Our church is studying the Sermon on the Mount, and last week we covered the passage about how we should not worry about tomorrow (Matt. 6:25-34). We talked about a lot of things, but I especially appreciated the discussion about how to stave off the worry we inevitably feel. We so often think about the future and what could go wrong that we forget to look back and see how God has provided for us (over and over again). Of course God knew this would help--he tells us to remember the works he has done for us and to tell these stories to our children.
I'm pretty sure I couldn't have done something like this (adopting) when David and I first got married. I was the kind of person in college who had PLANS. I had plans for my day, for my week, for the school year...I also had my five year plan and ten year plan figured out. God slowly started chipping away at that attitude by introducing me to David. You want to know what career is really hard for planning? The military. David was in ROTC, and he didn't know where he would even be stationed when he graduated, much less how long he'd be there. Not very conducive to my 5 year plan, which involved going to graduate school for five years after college. Also not conducive to my 10 year plan, which involved settling somewhere and teaching chemistry part-time for a small university. I guess I was vocal enough about my plans that David wasn't sure I even wanted to date him, given his military commitment. I quickly disabused him of that notion...but dating and eventually marrying him did put a kink in my plans.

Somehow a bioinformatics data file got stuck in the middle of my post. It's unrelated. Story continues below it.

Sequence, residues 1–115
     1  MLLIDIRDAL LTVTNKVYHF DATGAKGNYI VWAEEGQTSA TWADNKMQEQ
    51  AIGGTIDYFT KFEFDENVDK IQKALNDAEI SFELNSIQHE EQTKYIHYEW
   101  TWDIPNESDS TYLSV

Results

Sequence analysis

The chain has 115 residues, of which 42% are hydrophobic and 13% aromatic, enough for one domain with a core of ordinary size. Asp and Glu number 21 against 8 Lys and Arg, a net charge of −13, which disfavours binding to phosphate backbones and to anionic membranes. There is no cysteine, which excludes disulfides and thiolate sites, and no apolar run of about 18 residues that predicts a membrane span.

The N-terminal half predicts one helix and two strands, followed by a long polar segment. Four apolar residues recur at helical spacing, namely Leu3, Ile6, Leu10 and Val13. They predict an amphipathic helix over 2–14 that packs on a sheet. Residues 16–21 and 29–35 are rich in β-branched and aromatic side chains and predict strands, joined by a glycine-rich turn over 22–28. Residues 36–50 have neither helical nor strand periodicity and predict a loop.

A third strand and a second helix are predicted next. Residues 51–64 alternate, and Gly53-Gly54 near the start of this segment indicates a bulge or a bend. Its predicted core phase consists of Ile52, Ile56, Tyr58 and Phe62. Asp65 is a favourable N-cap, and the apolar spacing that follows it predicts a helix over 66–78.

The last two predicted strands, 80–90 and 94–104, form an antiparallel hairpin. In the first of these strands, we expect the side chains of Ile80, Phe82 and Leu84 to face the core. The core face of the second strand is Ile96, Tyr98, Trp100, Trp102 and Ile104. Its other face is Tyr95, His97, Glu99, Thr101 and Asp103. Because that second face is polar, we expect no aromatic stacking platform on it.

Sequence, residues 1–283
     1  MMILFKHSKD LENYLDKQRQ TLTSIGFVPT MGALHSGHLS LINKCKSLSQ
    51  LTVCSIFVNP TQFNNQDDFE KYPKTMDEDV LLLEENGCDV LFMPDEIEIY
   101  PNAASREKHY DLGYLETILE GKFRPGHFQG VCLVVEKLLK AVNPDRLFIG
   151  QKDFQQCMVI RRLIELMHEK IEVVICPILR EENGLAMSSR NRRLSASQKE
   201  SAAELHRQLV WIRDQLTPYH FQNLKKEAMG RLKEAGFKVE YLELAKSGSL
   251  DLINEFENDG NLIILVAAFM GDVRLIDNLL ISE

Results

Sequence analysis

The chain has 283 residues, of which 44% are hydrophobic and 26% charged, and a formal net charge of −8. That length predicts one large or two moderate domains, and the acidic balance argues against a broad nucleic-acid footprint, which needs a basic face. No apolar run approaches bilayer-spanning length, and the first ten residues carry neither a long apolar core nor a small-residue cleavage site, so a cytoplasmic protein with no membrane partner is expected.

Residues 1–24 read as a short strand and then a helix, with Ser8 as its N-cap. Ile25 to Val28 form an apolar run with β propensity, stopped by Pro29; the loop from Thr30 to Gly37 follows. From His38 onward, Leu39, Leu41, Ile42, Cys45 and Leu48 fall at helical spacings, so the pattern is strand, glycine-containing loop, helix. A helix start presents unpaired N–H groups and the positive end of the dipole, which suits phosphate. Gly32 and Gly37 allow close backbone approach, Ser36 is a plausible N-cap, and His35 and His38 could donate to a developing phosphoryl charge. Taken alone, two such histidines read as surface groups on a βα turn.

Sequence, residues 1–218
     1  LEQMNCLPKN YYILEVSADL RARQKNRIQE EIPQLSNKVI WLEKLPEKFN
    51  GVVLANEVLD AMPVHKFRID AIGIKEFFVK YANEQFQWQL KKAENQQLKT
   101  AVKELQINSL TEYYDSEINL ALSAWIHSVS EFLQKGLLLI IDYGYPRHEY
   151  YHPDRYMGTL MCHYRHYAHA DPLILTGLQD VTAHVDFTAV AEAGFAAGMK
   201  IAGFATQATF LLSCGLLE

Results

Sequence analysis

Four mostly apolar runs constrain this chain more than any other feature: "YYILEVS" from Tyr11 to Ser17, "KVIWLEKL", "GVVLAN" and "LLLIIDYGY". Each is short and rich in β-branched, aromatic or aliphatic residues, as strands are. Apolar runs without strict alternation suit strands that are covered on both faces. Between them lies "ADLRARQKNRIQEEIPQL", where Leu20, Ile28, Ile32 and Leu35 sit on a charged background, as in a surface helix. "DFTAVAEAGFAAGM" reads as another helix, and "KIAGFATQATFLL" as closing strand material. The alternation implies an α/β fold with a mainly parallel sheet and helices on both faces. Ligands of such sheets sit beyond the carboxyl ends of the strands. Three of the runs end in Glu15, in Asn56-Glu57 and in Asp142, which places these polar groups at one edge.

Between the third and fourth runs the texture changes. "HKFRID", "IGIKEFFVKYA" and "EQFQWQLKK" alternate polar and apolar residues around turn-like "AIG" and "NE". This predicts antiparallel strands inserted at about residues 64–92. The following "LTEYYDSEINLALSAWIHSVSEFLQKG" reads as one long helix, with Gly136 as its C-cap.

I felt especially lost when we found out he was stationed in Arizona. We had carefully chosen our top three choices to put us close to major universities so I could try for my PhD...and we got our 4th choice, out in the middle of the Sonoran Desert, miles from where I'd planned to be. But wouldn't you know, God stationed us at one of the few bases where we could stay put for 4 years (the length of David's commitment), and he put us only 70 miles from one of the top 10 universities in my specific field. Even though we were far from family, he provided us with dear friends who became like family to us. The timing even worked out for David to get his masters while I was finishing my doctorate. Of course, that led to him getting a job in New Mexico instead of heading back to the Midwest, but that's another story.
At this point, I still wonder about the future--who doesn't? But when I start wondering about all the unknowns, I try and remind myself of how all our 'unknowns' managed to work out for our good, and our happiness.